anyone that has ever been to rIchmond, or even passed through the city on I- 95, cannot say that they have not seen the rainbow colored building just outside the Diamond, with the words “Gay Community Center of Richmond.” To out siders, this building looks completely silly, but the natives of Richmond, we know this building as Diversity Thrift Diversity is considered to be one of the highest rated thrift stores in the city and also holds one of the most popular games of bin go every Tuesday and Thursday. Diversity stands out from the other thrift stores in Richmond with their immense contributions to the gay commu nity. Last year, Diversity donated $15,000 to mul tiple nonprofit organizations across the city such as Richmond Organization for Sexual Minority Youth (ROSMY), Equality Virginia, The Fan Free Clinic and The Richmond Triangle Players, as well as many other nonprofit organizations. Diversity was started by the Richmond Gay Community Foundation to help generate revenue to eventually give back to the community. Initially, the money would be given to organizations that applied for the money and was given based on a need basis. Eventually, the program became de funct and needed to be reorganized. Today, the money that is generated ,by both the thrift store as well as through the bingo games, is distributed to multiple nonprofit organizations that are actively helping people and in need of donations. Of the two parts of Diversity, the bingo hall is what brings in the most revenue. The city of Richmond has even dubbed Diversity as, “the best run game in the commonwealth.” Of the people who run the games only two are paid for their services. Everyone else is either a volunteer or working off community service hours for the city. The two people paid are those who handle the money and call the numbers. These people are paid because they are the only ones who come in contact with the winnings, and it discourages the possibility of theft. Anyone who is familiar with architecture knows that the thrift shop and the bingo hall do not take up all the space with the building that Diversity is run out of. Between the two, there are many vacant offices that are currently being used as storage for the thrift shop; however, any nonprofit organization that needs a place to run their business is allowed to use the offices. Since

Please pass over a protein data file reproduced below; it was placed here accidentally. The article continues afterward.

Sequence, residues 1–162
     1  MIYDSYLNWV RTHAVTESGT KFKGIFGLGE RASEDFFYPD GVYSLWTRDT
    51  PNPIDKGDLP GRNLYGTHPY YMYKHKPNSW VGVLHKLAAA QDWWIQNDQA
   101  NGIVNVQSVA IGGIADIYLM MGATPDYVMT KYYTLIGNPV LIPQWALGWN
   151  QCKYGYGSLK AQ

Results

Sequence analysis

Diversity has been at this location, over 6,000 organizations have used these offices to help the community in some sort of way. Of all the thrift stores in Richmond, Diversity is considered to be number one and it rightfully should be. Gay rights have been a critical issue in politics for many years and if complete equality is to ever be achieved, these organizations must continue to be funded. These nonprofits benefit those who suffer from HIV and AIDs (both het erosexual and homosexual alike), educate our chil dren on the harmful effects of bullying and help those who have been neglected by their so-called families. To me, Diversity Thrift is a shining ex ample of how far we have come to ensure equal ity. Their tireless effort to continue to fund these important endeavors in our community should not go unnoticed by anyone in our diverse city, gay and straight alike.

12 APRIL 2013






Dustin Lee is a Richmond-based artist originally from Loudoun County, who works on wood panels. His pop culture references and sharp color con trasts are used to showcase criticism of today’s rampant misuse of media. While his work is serious, Lee states “I want humor to be in my work, even the heavy ones use some sort of pop culture reference, you know, to lighten the mood.”